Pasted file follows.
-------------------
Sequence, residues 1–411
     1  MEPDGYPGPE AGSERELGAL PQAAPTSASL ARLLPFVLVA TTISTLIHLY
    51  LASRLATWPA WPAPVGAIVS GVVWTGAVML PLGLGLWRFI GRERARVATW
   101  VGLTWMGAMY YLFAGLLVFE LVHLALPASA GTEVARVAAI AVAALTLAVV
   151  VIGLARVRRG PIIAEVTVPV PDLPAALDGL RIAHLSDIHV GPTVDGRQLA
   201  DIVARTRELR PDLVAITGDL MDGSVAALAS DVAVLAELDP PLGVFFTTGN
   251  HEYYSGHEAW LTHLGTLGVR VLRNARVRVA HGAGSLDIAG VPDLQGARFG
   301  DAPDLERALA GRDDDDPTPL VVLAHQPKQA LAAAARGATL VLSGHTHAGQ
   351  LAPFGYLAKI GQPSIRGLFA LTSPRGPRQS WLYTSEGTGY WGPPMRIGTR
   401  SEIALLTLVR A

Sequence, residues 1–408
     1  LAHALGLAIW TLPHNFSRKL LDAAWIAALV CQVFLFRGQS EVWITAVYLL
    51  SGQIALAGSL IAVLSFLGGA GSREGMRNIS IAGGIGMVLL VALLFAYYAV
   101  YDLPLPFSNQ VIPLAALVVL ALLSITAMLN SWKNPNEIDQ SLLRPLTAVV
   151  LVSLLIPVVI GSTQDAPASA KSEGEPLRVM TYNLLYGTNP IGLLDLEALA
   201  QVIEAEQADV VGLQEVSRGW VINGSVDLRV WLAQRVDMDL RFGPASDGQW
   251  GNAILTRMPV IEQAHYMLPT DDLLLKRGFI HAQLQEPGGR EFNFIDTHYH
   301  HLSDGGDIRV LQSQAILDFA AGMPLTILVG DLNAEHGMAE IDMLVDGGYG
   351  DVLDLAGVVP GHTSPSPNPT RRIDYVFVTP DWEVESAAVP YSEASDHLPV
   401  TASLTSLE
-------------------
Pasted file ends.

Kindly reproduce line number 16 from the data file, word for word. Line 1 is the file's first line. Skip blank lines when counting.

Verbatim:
   201  QVIEAEQADV VGLQEVSRGW VINGSVDLRV WLAQRVDMDL RFGPASDGQW